Oldie But a Goodie

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Watching old favorites is a widespread tradition to anyone who likes movies, traditions, or is just bored on a day off. One movie that I’ve found to be a lighthearted and fun re-watch is Pride and Prejudice. Personally, I like the 2005 Jon Wright movie but the story itself transcends any variation it is told in; core themes of independence and strength keep it from feeling outdated. It’s timeless and relatable in its authenticity. The main character, Elizabeth, played by ethereal goddess Keira Knightley, goes on quite the journey battling societal expectations in order to have a claim on her own life. Many people are familiar with the story of Pride and Prejudice so I won’t recap the whole thing. Rather, I wanted to take a closer look at Elizabeth and her role as the primary character. How does she make for a compelling, feminist protagonist in the regency era setting? A setting that does not cater towards women being compelling, feminists, or protagonists. The fact that it doesn’t cater to women in general is what makes Elizabeth Bennet so extraordinary.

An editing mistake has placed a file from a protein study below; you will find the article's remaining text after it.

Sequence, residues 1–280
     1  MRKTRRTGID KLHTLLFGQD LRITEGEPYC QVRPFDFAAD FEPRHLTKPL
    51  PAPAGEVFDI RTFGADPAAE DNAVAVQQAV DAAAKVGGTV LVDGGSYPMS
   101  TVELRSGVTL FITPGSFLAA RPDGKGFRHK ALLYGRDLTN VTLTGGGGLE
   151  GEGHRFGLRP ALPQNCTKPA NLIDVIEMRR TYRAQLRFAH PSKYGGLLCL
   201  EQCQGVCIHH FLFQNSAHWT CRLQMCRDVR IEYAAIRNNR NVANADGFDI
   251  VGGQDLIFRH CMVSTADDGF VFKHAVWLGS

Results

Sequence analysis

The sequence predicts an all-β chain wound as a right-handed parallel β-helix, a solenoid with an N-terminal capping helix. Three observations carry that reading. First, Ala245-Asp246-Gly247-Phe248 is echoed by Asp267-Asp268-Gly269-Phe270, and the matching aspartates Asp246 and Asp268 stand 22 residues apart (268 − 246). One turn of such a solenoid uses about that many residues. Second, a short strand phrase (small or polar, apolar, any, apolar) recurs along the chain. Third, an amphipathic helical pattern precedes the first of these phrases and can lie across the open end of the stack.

The opening scene of the movie, with the glow of the sun shining over the trees of the Bennet estate, gives a feeling of warmth and comfort to the viewer, followed by a drawn out sequence of the lands around the small house. There’s mud on the ground and farm animals walking freely, showing the lack of lavishness that the Bennets live in. We then see Elizabeth reading, à la Belle from Beauty and the Beast, while cheerfully walking through the grounds to her home. Elizabeth is shown to be happy with her humble upbringing. She seeks out information and experience and is happy to learn about others, wanting to have a good grasp on her surroundings. This helps her develop her street smarts, something that comes in handy when she faces misguided marriage proposals and her family’s expectations to attract a rich husband. While Elizabeth shows that it’s possible to stand up for yourself, her mother personifies the suffocating limits that women were forced into during this era. Elizabeth mostly takes it all in stride, never seeming to have an issue with getting married, but simply wanting to marry someone she could stand to be around. She jokingly laments that she’ll end up an old maid because she can’t stand the majority of the men that she comes across, and is later surprised by the depth of character that she eventually finds in Mr. Darcy, which propels her to finally accept his proposal. Women being neglected a choice in their own lives and futures is unfortunately a tale as old as time. Despite this, Elizabeth shows how it’s possible to go against the restraints of gender and social class by not being afraid to speak her mind and stand her ground when it’s important.